Fire Damage San Diego: The Insurance Endurance of Claims up in Flames
Most people never imagine that a wild fire, act of arson, or household accident will cause flames to burn down their home. This may come as a shock, but losses from wildfires make up only two percent of total casualty and property claims across the nation with tornadoes and hurricanes accounting for much heftier losses. When insurance companies look at this fact it tells them that wild fires are not big priorities and therefore state insurance commissions fail to work with the industry to form statewide policies set in stone that promote better protective measures at primary decision points. Local fire damage San Diego companies tend to staff their teams with certified insurance professionals who are trained to navigate these policies for their clients.
According to ‘The Los Angeles Times’, insurance companies are being forced to pay more attention to fire damage due in part to the recent wildfires that struck San Diego County and other regions of the Western U.S., the increase in fire fighter casualties (those 19 firemen who died in Arizona) and the fact that fire damage claims are on the rise. According to co-director of the Fire Chasers Project at North Carolina State University Toddi Steelman, the industry has a compelling reason to pay greater attention to wildfires and the homeowner’s need for fire damage restoration because more houses are burning than ever before. He states that during the 80s and 90s fewer than 1000 homes burned annually but in the 2012 fire season alone more than 2,200 homes burned and an estimated $377 billion in damage has since been racked up. Just ask any fire damage San Diego company how these stats have effected them, and they will report that they have never been busier!
So this means that the federal government is going to step in to the rescue, right? Wrong. According to the ‘LA Times’ the federal government is sending up smoke signals that it will be cutting back from the $1 billion it spends annually to suppress wildfires, and this means homeowners are at greater risk and insurance companies are not willing to implement change into the complex legislature of their policy holder’s terms.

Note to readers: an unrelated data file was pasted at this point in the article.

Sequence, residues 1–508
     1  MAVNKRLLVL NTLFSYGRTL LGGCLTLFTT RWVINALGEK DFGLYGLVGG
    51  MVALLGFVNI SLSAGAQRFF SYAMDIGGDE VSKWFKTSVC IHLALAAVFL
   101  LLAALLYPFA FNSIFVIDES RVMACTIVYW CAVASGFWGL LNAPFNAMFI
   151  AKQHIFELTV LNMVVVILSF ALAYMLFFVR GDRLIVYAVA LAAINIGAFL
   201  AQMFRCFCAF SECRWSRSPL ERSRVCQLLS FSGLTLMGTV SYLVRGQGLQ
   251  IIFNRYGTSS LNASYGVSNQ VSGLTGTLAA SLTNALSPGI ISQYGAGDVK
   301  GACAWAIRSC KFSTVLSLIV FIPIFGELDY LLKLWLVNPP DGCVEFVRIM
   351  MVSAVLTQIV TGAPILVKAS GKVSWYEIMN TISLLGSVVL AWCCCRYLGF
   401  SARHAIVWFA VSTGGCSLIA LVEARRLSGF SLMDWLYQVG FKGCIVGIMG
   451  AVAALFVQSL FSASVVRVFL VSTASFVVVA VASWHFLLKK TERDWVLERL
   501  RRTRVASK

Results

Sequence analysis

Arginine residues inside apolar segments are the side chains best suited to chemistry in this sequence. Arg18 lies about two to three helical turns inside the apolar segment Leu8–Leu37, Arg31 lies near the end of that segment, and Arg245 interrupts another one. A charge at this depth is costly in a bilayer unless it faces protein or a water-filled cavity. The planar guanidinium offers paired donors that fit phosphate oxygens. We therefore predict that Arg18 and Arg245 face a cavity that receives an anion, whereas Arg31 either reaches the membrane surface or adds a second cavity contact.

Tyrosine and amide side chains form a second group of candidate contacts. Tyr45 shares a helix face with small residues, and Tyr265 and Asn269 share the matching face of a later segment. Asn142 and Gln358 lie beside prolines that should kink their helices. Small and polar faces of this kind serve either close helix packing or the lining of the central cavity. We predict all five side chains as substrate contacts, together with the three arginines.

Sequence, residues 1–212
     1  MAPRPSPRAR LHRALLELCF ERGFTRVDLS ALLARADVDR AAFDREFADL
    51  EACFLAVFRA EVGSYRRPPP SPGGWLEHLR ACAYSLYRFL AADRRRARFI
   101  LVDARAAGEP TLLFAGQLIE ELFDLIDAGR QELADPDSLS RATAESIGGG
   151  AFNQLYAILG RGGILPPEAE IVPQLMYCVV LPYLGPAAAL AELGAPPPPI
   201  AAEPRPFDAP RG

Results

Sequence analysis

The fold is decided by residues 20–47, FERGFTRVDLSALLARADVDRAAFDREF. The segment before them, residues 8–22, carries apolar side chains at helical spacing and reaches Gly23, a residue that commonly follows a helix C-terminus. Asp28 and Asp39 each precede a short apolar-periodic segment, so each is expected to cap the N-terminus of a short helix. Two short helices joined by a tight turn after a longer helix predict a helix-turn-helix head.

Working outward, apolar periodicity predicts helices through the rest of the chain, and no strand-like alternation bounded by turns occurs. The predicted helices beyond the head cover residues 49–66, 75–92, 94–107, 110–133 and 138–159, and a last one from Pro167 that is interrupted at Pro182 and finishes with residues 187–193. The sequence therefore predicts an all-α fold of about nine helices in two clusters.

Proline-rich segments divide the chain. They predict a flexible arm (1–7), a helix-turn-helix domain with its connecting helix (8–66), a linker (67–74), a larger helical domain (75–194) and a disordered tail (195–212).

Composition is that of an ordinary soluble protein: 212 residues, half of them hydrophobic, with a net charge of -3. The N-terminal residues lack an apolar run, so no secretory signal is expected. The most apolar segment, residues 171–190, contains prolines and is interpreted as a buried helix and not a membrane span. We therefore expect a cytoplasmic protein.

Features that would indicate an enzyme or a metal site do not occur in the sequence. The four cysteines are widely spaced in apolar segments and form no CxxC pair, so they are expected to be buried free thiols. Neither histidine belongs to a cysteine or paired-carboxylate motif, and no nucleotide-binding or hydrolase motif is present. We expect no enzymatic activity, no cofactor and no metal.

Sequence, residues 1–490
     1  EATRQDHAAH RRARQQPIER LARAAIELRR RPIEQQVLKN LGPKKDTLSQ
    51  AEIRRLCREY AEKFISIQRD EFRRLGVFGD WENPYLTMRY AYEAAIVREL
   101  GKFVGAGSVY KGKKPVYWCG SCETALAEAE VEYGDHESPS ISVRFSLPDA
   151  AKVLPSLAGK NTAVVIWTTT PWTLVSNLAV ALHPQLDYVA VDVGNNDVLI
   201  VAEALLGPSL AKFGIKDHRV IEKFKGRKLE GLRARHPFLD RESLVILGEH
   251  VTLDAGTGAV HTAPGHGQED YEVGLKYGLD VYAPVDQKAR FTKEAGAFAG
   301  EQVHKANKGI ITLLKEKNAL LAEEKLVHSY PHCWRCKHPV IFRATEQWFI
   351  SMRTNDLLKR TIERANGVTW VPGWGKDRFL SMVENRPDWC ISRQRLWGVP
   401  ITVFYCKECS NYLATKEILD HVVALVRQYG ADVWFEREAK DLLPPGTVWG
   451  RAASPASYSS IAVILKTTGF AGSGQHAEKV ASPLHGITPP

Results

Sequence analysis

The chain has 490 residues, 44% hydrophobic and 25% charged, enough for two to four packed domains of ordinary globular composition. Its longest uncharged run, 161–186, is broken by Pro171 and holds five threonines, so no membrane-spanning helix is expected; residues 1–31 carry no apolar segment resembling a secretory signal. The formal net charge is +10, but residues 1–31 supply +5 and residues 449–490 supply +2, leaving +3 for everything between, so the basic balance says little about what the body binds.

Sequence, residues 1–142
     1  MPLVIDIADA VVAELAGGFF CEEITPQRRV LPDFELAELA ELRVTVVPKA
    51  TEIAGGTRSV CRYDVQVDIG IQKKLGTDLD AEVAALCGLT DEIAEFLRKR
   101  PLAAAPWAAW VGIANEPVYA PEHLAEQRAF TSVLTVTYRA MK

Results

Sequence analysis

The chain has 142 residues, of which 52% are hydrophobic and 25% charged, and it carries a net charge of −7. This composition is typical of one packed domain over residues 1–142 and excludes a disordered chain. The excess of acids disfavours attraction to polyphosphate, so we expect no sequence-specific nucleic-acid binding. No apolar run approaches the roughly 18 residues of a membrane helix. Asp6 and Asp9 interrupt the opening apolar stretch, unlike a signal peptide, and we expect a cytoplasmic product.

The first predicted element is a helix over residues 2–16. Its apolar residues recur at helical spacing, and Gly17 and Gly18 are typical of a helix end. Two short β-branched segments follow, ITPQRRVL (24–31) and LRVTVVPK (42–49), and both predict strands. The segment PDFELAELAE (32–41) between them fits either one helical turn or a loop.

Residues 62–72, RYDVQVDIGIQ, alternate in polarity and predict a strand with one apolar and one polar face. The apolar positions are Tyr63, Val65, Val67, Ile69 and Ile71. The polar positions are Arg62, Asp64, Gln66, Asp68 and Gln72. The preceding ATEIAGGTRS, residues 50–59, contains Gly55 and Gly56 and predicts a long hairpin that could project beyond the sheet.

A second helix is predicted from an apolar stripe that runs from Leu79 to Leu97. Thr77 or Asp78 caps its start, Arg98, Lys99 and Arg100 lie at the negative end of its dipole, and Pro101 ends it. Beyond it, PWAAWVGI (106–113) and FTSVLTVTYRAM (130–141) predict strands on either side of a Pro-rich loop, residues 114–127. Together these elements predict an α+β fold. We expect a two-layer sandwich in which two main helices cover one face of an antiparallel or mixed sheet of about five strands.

What can Homeowners Do?
As a homeowner, and especially if you live in a red zone region, make sure your policy is iron-clad in the event of a fire. Some policies may read well on the surface, but upon a deep inspection you may discover that the policy would not cover water damage restoration repairs required via water extractions after the fire department’s hoses have sprayed hundreds of gallons into your home. In some cases you may need a supplemental policy to prevent your claim from going up in the flames with the rest of everything else. Another thing to examine in your policy is what extent of damage the insurer will cover. Some historic homes with expensive crown molding, ceiling medallions and other antique types of architecture may not get reimbursed for such rare and expensive architectural details, while other policies may refuse to replace the cost of costly antique furniture but instead will pay to have the standard level of home furnishings replaced.
The insurance endurance is dipping, but if there is a light at the end of the tunnel it is that the industry may be forced to get their act together and work more closely with the federal government to set policies and standards. In the meantime, don’t let your claim burn up in flames; go see an insurance broker or contact a fire damage San Diego company and make sure your policy covers you, your family, your home and all that is within!
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